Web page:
- Mike is tricked into the magical whirlpool that turns his age back when he sees his "spirit guide" apparently committing suicide off the bridge.
- Single Woman Seeks Good Man: Maggie gets the hots for 17-year-old Mike, whom she doesn't realize is her father, because he comforts her when Stan breaks up with her because she didn't want to have sex.
- Stacy's Mom: Mark, actually Mike in a 17-year-old body, isn't actually a teen attracted to an older woman , but that's what Mike claims when his son, Alex, catches him talking about her.
- Set Right What Once Went Wrong: Subverted. Mike/Mark thinks this is what he is supposed to do, regarding making his own life better by getting the scholarship; but then he realizes that he could be improving his children's lives instead. Eventually, he makes the same decision which he did 20 years earlier, and reunites with Scarlet.
- The Talk: Mike gives an abstinence talk in health class. Ironically, it would have been even more effective if he was an adult, as he is a poster boy for what happens to your life because of teen pregnancy.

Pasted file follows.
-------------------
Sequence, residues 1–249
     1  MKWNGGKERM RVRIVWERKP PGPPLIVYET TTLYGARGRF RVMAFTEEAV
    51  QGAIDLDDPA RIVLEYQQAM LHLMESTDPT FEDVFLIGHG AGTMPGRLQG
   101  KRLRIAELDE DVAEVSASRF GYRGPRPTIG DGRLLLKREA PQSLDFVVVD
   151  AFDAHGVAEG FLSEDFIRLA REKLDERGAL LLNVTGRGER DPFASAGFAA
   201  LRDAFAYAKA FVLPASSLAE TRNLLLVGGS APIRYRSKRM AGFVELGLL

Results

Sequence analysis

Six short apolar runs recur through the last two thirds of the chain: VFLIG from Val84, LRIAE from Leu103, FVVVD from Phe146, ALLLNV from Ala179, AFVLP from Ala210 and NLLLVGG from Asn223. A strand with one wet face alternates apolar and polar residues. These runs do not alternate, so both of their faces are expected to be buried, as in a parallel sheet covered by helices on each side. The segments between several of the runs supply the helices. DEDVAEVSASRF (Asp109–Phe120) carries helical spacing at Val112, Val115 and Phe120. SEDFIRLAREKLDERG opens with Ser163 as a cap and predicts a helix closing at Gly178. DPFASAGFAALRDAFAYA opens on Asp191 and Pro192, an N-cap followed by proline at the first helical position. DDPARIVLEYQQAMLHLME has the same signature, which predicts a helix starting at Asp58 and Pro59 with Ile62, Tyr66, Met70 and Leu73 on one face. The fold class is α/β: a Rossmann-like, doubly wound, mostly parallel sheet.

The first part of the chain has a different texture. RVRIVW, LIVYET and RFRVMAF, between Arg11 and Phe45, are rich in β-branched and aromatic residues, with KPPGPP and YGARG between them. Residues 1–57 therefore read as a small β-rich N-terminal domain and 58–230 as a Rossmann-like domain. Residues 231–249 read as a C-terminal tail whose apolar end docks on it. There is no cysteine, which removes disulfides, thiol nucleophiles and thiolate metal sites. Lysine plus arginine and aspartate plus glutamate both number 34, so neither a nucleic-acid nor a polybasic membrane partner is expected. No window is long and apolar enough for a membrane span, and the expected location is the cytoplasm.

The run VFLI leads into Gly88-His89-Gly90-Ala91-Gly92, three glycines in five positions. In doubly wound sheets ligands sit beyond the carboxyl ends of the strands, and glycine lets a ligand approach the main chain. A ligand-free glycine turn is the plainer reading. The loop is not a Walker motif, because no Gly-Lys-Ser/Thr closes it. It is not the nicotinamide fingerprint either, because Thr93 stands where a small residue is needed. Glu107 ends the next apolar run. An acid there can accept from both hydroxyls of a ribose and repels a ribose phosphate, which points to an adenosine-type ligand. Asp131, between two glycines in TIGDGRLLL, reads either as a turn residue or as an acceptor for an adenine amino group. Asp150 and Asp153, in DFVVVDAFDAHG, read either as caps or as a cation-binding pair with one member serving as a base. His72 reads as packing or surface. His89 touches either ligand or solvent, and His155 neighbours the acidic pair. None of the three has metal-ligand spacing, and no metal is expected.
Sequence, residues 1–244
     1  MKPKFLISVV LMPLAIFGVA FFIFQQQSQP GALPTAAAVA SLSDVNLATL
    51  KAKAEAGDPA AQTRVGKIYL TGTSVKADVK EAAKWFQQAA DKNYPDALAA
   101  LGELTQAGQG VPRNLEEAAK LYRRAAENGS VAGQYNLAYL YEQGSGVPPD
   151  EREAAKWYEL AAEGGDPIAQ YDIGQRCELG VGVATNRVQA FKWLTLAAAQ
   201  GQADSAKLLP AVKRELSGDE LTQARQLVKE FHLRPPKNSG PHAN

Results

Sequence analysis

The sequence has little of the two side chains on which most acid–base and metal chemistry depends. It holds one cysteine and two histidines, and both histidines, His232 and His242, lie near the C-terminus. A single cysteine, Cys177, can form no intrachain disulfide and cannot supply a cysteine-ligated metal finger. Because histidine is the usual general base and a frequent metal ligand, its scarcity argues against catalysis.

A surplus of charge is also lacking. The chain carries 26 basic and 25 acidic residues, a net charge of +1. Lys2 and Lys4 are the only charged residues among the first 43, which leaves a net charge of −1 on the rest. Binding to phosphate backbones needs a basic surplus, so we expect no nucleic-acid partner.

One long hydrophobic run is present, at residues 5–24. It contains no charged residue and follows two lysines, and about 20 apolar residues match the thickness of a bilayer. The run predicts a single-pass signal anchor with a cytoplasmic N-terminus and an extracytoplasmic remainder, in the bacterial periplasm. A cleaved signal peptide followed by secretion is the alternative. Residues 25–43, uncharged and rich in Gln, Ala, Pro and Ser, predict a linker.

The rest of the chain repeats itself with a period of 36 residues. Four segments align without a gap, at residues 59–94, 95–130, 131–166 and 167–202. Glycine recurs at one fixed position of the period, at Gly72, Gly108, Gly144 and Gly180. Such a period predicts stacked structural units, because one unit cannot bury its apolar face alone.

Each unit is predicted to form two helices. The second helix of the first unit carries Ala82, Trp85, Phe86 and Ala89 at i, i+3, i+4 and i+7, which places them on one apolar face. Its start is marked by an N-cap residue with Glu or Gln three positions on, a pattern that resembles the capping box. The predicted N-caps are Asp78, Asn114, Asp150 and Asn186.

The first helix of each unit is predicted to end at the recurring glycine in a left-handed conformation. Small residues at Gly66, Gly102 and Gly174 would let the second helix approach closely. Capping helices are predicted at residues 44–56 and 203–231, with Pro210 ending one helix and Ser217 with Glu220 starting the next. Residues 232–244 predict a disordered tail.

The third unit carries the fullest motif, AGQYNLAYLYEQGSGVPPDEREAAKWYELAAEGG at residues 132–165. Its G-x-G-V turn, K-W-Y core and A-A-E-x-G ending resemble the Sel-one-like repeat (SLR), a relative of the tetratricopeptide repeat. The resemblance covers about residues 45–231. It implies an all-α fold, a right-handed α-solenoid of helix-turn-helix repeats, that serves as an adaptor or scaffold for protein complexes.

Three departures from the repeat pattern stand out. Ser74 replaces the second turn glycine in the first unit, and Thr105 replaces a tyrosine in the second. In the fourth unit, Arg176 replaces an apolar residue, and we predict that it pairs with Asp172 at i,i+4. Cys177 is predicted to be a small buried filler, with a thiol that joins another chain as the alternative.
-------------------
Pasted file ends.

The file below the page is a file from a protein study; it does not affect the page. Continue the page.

- That Was Not a Dream: In a Shout-Out to Back to the Future, Mike deliriously tells his daughter that he dreamed he was 17 again.
- They Wasted a Perfectly Good Sandwich: Literally. Teen!Mike makes himself a huge sandwich, then leaves after just one bite.
- Time Marches On: Compare the 1989 cheerleaders with the later ones. Also, guys fighting in school would have been common enough back in 1989, but everyone recording the fight on their hand-held devices and uploading it to YouTube nowadays is kind of a new feature.
- Time-Shifted Actor: Mike, Ned and Scarlet have different actors for their teenagers and adult versions, although Ned and Scarlet teen versions are only seen in the opening.